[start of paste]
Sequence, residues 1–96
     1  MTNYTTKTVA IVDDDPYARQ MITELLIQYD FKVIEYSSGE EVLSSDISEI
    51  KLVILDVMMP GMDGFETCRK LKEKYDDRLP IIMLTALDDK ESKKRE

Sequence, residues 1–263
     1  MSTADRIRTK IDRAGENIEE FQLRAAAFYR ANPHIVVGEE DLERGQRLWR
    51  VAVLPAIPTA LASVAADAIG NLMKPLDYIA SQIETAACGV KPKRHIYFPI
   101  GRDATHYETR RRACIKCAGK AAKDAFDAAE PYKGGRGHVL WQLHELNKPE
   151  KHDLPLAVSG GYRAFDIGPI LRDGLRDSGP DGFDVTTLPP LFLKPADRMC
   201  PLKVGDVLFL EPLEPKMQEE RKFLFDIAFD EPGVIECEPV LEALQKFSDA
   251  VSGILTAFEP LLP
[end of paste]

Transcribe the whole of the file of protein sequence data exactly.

Sequence, residues 1–96
     1  MTNYTTKTVA IVDDDPYARQ MITELLIQYD FKVIEYSSGE EVLSSDISEI
    51  KLVILDVMMP GMDGFETCRK LKEKYDDRLP IIMLTALDDK ESKKRE

Sequence, residues 1–263
     1  MSTADRIRTK IDRAGENIEE FQLRAAAFYR ANPHIVVGEE DLERGQRLWR
    51  VAVLPAIPTA LASVAADAIG NLMKPLDYIA SQIETAACGV KPKRHIYFPI
   101  GRDATHYETR RRACIKCAGK AAKDAFDAAE PYKGGRGHVL WQLHELNKPE
   151  KHDLPLAVSG GYRAFDIGPI LRDGLRDSGP DGFDVTTLPP LFLKPADRMC
   201  PLKVGDVLFL EPLEPKMQEE RKFLFDIAFD EPGVIECEPV LEALQKFSDA
   251  VSGILTAFEP LLP